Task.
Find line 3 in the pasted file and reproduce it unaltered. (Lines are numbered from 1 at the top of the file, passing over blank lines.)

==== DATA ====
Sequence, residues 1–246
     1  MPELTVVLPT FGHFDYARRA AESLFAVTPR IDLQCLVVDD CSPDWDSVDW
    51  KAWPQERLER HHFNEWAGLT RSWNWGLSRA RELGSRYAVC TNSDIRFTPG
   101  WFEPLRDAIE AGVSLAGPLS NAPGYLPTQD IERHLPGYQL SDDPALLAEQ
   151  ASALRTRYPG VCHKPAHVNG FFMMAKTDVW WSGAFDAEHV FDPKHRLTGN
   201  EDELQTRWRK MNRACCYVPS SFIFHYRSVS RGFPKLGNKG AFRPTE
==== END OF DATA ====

    51  KAWPQERLER HHFNEWAGLT RSWNWGLSRA RELGSRYAVC TNSDIRFTPG